Hope you’ll check out Read Your Story.

Enjoying the ride

This is the fourth company I’ve started. For this new project, I am taking a very different attitude about the work. I’m trying to be mindful to enjoy the journey more.

In previous projects, I was weighed down by a chip on my shoulder to prove that I could be a successful founder, from start to exit. I got a little too obsessed with hitting a big revenue run rate and hitting a big exit that would get me rich. I was very driven toward my goals, but at the same time it was difficult for me to enjoy myself because I always felt that I was coming up slightly short in some way.

I’m older now. My family and experience have given me a healthier perspective, and I don’t think I have anything to prove anymore. I just feel really grateful that I can start something new with great people and chase a noble mission.

There are plenty of challenges ahead for this new company: I’ve never run a B2C business before, nor do I have any experience with e-commerce. The learning curve has been frustrating, yet at the same time, still fun. If any readers out there can share advice on how we can blow up Read Your Story into a big business, I’d love to speak with you.

It’s wonderful to be creating again. I’m back!

14 thoughts on “This time, I will enjoy the journey

  1. Joe (arebelspy)

    Wow. Really big coincidence moment.

    I’ve read all your posts from the beginning, and in real time back in 2014 and 2015, through RSS. Then I stumbled on your blog again earlier today, after finding a link in an old MMM thread. I looked at the latest post, which at the time of me looking was a year and three months old (Aug 2015). I thought “bummer, guess LAL is gone for good. =/ ”

    A few hours later, I see a new post by you in my Pocket (which is automatically fed from my RSS via IFTTT). I think “Oh, I must have accidentally clicked the ‘Send to Pocket’ extension earlier when on the site, and sent that old post to Pocket” and almost click to archive it, but then go ahead and open it, and BOOM, new post!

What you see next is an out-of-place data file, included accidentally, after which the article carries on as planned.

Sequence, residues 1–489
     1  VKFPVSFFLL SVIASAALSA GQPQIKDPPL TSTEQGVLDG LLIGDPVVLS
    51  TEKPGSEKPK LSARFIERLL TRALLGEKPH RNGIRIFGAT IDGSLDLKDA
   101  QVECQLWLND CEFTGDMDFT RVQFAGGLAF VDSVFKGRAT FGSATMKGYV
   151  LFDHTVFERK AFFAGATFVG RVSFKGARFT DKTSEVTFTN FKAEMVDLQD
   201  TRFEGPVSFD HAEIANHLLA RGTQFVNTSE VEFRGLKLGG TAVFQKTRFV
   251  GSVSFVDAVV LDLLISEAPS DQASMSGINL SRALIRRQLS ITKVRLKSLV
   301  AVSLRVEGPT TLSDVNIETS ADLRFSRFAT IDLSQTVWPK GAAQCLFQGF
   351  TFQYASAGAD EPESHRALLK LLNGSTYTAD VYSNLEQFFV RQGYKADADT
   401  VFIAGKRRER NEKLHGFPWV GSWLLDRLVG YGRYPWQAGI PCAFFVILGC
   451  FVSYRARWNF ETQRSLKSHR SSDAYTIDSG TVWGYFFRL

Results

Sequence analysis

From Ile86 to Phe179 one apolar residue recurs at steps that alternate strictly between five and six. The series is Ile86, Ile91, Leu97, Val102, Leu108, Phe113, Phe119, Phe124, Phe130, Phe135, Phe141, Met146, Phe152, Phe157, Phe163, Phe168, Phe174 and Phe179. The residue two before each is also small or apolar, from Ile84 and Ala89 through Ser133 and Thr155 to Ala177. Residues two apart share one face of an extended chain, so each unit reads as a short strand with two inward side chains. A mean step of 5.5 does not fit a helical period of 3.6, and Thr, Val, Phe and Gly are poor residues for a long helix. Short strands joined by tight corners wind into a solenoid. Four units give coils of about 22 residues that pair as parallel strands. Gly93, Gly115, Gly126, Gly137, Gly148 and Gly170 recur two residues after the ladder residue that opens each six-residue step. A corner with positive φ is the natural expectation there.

Life has so many funny coincidences, I had to note this one, a year+ gap in posts from you, yet I happen to vist the same day (literally probably an hour before) a new post. Awesome.

    I’m glad to see you’re writing again. 🙂

    Regarding the read your story, it sounds similar to the lost my name book that has become quite popular lately. Here’s one of the first links on Google:

    (I had never heard of it before 8 months ago, but my parents got one for my daughter this year, and I’ve seen ads for it since.)

    It’s a fun concept! Looking forward to reading more updates.

    1. Eric Post author

      Wow that is an incredible coincidence. 🙂

      Joe, really appreciate this message. I forgot how much I enjoyed writing, I hope I can do something at least quarterly moving forward.

      Thanks for the message about Lost My Name. My team is familiar with the company and we think that their products are fabulous. I hope that your little girl is enjoying her book.

      Take it easy!

  2. Robby

    Love that you’re still at it, my entrepreneurial friend, but with an attitude that will help you stay happy and healthy through the grind. And this time, you’re putting avatars into books!
    If you want to talk to an avatar psychology researcher, I think I know a guy.

  3. Kate Garrison

    Hi Eric
    I totally loved your story! Honestly I came on the site looking for your email to contact you regarding business and found this. I am a single mom and this is such a great idea! And you quote regarding being happy at work makes for happy home life. I love that! Thanks for the cheerful side of life and I won’t bother you with the business “stuff”. 😉 Kate